I’ve never understood librarians who are afraid of change. Maybe it’s because I’m young, but I doubt it, because I’m probably a bigger fan of routine than the average person. I’m far more open to change inside the library world than outside in my personal life. I’m not a believer in the whole “change is good” mantra or “change for the sake of change”. I just think we should be meeting the needs of our patrons, and we can’t pretend that those needs haven’t changed since 1990. Change is good in the library world because everything is changing around us. The technology available to us is changing. Our patron demographics are changing. And thus, our patrons’ needs are changing. It’s a no-brainer that we should be constantly re-evaluating how we serve our patrons to see if we could be doing something better. Our raison d’être is to meet the needs of our patrons and if we’re not doing that, then maybe we are obsolete.
In the other hand, I do understand people who are afraid of other people. We live in a society where we are taught to look for signs of untrustworthyness in everyone we meet. We are taught to look at every situation as one of potential danger. In a society where spam, identity theft and computer viruses have become almost expected in our everyday wired lives, we are taught to trust no one. Our passwords have to be secure and frequently changed for fear that someone will break into our bank accounts. Our computers must frequently be scanned to see if we’ve been invaded by worms, trojan horses, spyware and viruses. And rightly so, because stuff like that does happen all the time. In such a “locked down” society, it is difficult to imagine giving up any of the control we have over our web presence. And yet, when putting a wiki or a blog that patrons can post to or comment on, that is exactly what one must do.
When I say “give up control”, I don’t mean that you’re making your website vulnerable to hackers who could destroy all of it. Wikis, blogs and forums do not invite hackers onto your server. Vulnerabilities like that are usually the result of bad code or of not updating one’s server software to reflect the state of the art in security. Giving up control with a wiki, blog, or forum means giving up total control over the content on the website. You’re basically saying, “public, we trust you to write appropriate things on our site and not to mess it up too badly.” If you think that people basically can’t be trusted, then you probably won’t be a big fan of giving up any of that control. And that’s the way many people are. Most people are skeptical of wikis because they don’t think that people, left to their own devices, would create good content. With library blogs, they don’t want to turn comments on because they worry they’ll get negative or malicious comments. And there will be people who write stupid, nasty things. And there will be people who spam your wiki or blog. But it’s almost always managable if you install spam software and check your comments daily. By not having any way for people to comment on your blog, you’re basically making it as much a one-way communications vehicle as a static website. By having a blog where the community can offer feedback and suggestions, you are creating an online community. And by opening that door, you may get more useful feedback and suggestions than any survey you’ve done. The good content will almost certainly outweigh the bad and will make any online community (whether wiki, blog, forum, or listserv) worthwhile.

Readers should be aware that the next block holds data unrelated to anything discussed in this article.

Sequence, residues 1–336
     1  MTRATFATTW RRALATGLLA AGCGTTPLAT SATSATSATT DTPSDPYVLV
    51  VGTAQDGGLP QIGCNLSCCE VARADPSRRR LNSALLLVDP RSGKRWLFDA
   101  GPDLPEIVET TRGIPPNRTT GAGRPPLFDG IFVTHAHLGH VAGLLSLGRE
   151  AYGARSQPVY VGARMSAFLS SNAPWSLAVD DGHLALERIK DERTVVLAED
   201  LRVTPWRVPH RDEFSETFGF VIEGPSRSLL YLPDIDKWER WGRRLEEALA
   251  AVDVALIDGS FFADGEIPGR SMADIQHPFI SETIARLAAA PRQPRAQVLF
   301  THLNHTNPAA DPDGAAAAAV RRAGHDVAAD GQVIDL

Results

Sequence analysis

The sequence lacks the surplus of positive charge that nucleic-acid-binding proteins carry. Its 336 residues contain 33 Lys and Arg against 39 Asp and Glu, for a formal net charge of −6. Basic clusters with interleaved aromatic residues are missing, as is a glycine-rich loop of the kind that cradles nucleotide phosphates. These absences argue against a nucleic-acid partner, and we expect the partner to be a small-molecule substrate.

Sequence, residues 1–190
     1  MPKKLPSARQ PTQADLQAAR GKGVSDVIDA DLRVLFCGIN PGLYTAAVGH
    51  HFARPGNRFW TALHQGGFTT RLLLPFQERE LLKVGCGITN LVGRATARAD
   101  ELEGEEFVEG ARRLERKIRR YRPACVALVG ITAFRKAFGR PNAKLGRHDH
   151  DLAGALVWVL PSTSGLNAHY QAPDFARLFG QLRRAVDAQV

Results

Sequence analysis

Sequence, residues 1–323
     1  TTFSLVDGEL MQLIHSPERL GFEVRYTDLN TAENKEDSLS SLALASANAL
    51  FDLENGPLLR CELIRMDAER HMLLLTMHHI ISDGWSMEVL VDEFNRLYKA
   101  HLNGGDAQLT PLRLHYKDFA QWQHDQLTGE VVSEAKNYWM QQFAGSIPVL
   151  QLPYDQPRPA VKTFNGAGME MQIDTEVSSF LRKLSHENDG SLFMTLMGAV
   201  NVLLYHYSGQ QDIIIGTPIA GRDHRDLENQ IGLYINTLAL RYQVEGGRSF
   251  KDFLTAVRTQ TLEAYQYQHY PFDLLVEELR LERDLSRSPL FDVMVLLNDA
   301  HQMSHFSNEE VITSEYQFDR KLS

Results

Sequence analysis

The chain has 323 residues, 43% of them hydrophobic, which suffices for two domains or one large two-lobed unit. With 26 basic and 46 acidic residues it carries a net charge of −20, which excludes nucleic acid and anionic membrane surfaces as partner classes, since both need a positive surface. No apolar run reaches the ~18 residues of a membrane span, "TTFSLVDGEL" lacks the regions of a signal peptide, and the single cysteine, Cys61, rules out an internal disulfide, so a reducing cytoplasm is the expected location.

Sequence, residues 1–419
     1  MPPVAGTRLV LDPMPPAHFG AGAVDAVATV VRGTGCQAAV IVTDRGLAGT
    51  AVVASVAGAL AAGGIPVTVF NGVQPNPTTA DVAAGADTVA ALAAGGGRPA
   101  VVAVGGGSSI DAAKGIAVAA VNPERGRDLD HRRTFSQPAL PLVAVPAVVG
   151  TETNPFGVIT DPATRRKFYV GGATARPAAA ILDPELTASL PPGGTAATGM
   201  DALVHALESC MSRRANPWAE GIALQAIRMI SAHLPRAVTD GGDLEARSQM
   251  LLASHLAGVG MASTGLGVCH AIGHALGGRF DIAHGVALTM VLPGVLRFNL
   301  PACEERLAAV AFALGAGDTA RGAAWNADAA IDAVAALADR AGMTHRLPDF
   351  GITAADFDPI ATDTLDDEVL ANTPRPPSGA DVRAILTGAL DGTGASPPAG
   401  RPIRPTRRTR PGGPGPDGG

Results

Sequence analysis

Do we not trust our patrons? Is this why we have plenty of online communities for librarians, but not so many for our service populations?
Maybe I’m a bottom-up person because I’ve never been on top. I’ve never been in charge. But also, I really believe in the power of collaboration. I know that I often don’t think of every side of a problem or every solution. So I like getting feedback or suggestions from a variety of people, because I almost always hear something I hadn’t thought of. That’s what excited me so much about the ALA Chicago 2005 Wiki. People had all of these great ideas that I hadn’t ever thought of and they made the site so much better by adding their 2 cents. If I had just created a Web Guide to Chicago on my own (which was my initial thought), it wouldn’t have been 1/10 as useful as the Wiki was. The collective wisdom of the people who posted was what made it great. And I’d like to think that an online community of our patrons/communities would produce something equally valuable.